Article Text

Download PDFPDF
A neurologist with Parkinson’s disease
  1. David Blacker
  1. Neurology, Sir Charles Gairdner Hospital, Nedlands, Australia
  1. Correspondence to David Blacker, Neurology, Sir Charles Gairdner Hospital, Nedlands, Western Australia 6009, Australia; david.blacker{at}

Statistics from

Request Permissions

If you wish to reuse any or all of this article please use the link below which will take you to the Copyright Clearance Center’s RightsLink service. You will be able to get a quick price and instant permission to reuse the content in many different ways.

I could feel Parkinson’s disease creeping up on me, so when I finally summoned up the courage to have a colleague assess me and make the diagnosis, it was of no surprise; in fact, it was almost a relief.

In my mid-30s, I had taken up long-distance running, mainly to shed the weight I’d stacked on during training and fellowship years. About 10 years later, I developed a gait disturbance, manifesting as an exercise-induced dystonia in my leg. Initially, it appeared only after running a significant distance, but gradually it became more problematic, eventually leading me to stop participating in competitive events. My leg would spasm, twist and generally tighten up. I knew it was dystonia but told others it was just cramp or a ‘hip problem’; that was easier than explaining what this could become.1 I was otherwise fine and made a concerted effort to keep fit and to continue exercise as best I could. I also abandoned plans to reduce my caffeine intake given the possibility of this being neuroprotective in Parkinson’s disease. Sadly, my sense of olfaction became impaired, …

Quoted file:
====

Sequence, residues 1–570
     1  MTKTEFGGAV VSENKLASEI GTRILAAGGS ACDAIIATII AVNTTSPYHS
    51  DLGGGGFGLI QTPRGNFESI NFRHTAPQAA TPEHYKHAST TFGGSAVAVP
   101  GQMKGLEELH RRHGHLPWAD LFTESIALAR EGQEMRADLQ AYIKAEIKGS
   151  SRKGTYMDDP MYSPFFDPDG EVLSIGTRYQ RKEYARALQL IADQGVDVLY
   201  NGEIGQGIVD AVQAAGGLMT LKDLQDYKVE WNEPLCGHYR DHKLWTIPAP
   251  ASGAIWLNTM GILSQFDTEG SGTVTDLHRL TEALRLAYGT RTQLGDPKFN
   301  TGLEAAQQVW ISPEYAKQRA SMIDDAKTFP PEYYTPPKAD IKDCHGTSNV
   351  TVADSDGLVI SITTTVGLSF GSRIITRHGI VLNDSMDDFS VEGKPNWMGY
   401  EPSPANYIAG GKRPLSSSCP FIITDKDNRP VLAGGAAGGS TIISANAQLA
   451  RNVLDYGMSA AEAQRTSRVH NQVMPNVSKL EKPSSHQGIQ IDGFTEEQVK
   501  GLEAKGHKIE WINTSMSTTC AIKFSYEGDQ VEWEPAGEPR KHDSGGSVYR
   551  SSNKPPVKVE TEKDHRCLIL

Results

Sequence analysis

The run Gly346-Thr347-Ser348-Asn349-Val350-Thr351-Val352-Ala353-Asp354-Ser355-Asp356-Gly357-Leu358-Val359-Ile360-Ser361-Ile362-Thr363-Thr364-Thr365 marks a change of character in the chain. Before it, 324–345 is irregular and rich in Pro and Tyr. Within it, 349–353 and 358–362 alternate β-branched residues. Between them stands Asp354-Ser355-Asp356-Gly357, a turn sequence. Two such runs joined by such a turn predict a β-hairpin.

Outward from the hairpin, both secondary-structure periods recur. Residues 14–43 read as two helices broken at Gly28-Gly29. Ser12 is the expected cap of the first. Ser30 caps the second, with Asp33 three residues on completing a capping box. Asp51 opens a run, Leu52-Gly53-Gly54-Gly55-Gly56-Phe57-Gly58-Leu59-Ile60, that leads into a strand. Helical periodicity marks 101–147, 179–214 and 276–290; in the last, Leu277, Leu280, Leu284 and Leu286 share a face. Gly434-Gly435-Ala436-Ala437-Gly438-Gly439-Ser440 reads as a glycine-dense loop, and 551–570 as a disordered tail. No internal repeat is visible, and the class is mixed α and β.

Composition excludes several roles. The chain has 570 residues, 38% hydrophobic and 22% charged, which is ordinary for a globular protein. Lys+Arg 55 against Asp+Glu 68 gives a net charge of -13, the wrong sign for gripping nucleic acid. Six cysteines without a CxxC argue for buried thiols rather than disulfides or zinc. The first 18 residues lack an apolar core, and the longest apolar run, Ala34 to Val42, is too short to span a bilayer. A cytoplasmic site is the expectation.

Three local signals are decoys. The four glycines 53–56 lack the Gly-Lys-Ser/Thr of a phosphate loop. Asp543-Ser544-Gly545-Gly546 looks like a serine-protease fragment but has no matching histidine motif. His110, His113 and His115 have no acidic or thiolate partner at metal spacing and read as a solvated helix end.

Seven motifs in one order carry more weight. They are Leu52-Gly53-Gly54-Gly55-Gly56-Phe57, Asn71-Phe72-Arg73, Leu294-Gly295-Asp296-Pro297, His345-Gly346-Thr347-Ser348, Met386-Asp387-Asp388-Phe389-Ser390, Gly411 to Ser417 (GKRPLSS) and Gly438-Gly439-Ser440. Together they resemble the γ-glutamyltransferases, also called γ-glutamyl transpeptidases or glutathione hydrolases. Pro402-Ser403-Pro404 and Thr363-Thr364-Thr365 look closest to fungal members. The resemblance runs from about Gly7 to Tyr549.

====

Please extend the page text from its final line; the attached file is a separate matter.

View Full Text


  • Funding The author has not declared a specific grant for this research from any funding agency in the public, commercial or not-for-profit sectors.

  • Competing interests None declared.

  • Patient consent for publication Not required.

  • Provenance and peer review Not commissioned; externally peer reviewed by Andrew Lees, London, UK.

Other content recommended for you